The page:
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Brassica oleracea gemmifera - Zenker.                
                 
Common Name Brussels Sprouts
Family Brassicaceae or Cruciferae
Synonyms
Known Hazards None known
Habitats Not known in the wild.
Range A cultivated form of B. oleracea.
Edibility Rating  
Medicinal Rating  
Care
Moist Soil Semi-shade Full sun

Summary       

Physical Characteristics       
 icon of manicon of flower
Brassica oleracea gemmifera is a BIENNIAL growing to 1.2 m (4ft).
It is not frost tender. It is in flower from May to August, and the seeds ripen from Jul to September. The flowers are hermaphrodite (have both male and female organs) and are pollinated by Bees.The plant is self-fertile.


USDA hardiness zone : Coming soon


Suitable for: light (sandy), medium (loamy) and heavy (clay) soils, prefers well-drained soil and can grow in heavy clay soil. Suitable pH: acid, neutral and basic (alkaline) soils. It can grow in semi-shade (light woodland) or no shade. It prefers moist soil. The plant can tolerate maritime exposure.

Brassica oleracea gemmifera Brussels Sprouts


http://commons.wikimedia.org/wiki/File:Brussels_Sprouts_(PSF).jpg
Brassica oleracea gemmifera Brussels Sprouts
http://commons.wikimedia.org/wiki/User:Ies
   
Habitats       
 Cultivated Beds;
Edible Uses                                         
Edible Parts: Leaves.
Edible Uses:

Leaf buds - raw or cooked[2, 16, 37, 46]. Well-grown plants produce an abundance of leaf-buds (looking rather like miniature cabbage heads) along the main stem at the leaf axils. These can be shredded and eaten raw in salads, though many people find them indigestible when eaten this way. They have a very nice cabbage flavour when cooked and are a very popular winter vegetable[K]. By careful selection of varieties, it is possible to harvest the buds from early September until late spring[K].
Medicinal Uses
Plants For A Future can not take any responsibility for any adverse effects from the use of plants. Always seek advice from a professional before using a plant medicinally.



None known
Other Uses
None known
Cultivation details                                         
Succeeds in full sun in a well-drained fertile preferably alkaline soil[200]. Prefers a medium to heavy calcareous soil[1, 16, 200]. Succeeds in any reasonable soil. Succeeds in maritime gardens[200]. Tolerates a pH in the range 4.5 to 7.8, though it prefers a pH of 6.5 or higher[200]. Plants, especially the late harvesting cultivars, are hardy to about -10°c[200]. Brussels sprouts are widely grown in temperate zones for their edible axillary buds which look rather like miniature cabbages. They are available from late autumn to late winter, there are many named varieties. It is possible to bring the harvest period forward and produce more evenly spaced sprouts by removing the plants main growing point. Called 'stopping', it should be carried out when the lower sprouts reach a diameter of about 10mm. Late cultivars are unsuitable for this treatment[200]. Grows badly with strawberries, each plant serving to retard the growth of the other[201]. Grows well with many aromatic herbs, these herbs help to repel insect pests[201]. Some other plants that grow well with Brussels sprouts include potatoes and celery[201].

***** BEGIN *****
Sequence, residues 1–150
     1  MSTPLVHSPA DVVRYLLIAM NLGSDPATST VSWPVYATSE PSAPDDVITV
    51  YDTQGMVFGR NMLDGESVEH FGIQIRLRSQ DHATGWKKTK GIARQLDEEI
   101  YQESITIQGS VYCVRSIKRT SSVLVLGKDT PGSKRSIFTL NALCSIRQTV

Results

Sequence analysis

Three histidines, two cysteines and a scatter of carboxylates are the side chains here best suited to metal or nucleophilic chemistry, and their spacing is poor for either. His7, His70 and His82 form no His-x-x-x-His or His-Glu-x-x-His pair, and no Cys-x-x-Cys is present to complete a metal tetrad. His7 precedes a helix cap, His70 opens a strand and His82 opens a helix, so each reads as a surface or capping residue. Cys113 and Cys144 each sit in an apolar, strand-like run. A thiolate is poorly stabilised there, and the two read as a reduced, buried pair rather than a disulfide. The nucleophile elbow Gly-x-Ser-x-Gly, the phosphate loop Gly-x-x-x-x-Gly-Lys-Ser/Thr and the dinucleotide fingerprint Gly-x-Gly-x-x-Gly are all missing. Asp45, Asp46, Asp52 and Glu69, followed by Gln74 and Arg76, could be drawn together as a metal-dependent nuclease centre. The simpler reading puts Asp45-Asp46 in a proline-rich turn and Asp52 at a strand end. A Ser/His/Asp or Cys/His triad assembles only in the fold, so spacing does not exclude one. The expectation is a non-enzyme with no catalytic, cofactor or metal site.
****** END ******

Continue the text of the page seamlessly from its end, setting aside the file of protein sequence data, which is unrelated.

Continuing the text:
Propagation                                         
Seed - sow in a seedbed outdoors in early spring. Plant out in early summer. In order to produce a larger or earlier crop, the seed can also be sown under glass in February and planted out in May. Do not let the seedlings get overcrowded or they will soon become leggy and will not make such good plants. If your seedlings do get leggy, it is possible to plant them rather deeper into the soil - the buried stems will soon form roots and the plant will be better supported.
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Expert comment                                         
 
      
Author                                         
Zenker.
                                                                                 
Botanical References                                         
200
                                                                                 
Links / References                                         

  [K] Ken Fern Notes from observations, tasting etc at Plants For A Future and on field trips.

[1]F. Chittendon. RHS Dictionary of Plants plus Supplement. 1956
Comprehensive listing of species and how to grow them. Somewhat outdated, it has been replaces in 1992 by a new dictionary (see [200]).
[2]Hedrick. U. P. Sturtevant's Edible Plants of the World.
Lots of entries, quite a lot of information in most entries and references.
[16]Simons. New Vegetable Growers Handbook.
A good guide to growing vegetables in temperate areas, not entirely organic.
[37]Thompson. B. The Gardener's Assistant.
Excellent general but extensive guide to gardening practices in the 19th century. A very good section on fruits and vegetables with many little known species.
[46]Uphof. J. C. Th. Dictionary of Economic Plants.
An excellent and very comprehensive guide but it only gives very short descriptions of the uses without any details of how to utilize the plants. Not for the casual reader.
[200]Huxley. A. The New RHS Dictionary of Gardening. 1992.
Excellent and very comprehensive, though it contains a number of silly mistakes. Readable yet also very detailed.
[201]Allardice.P. A - Z of Companion Planting.
A well produced and very readable book.

Readers comment                                         
 
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Subject : Brassica oleracea gemmifera  
             

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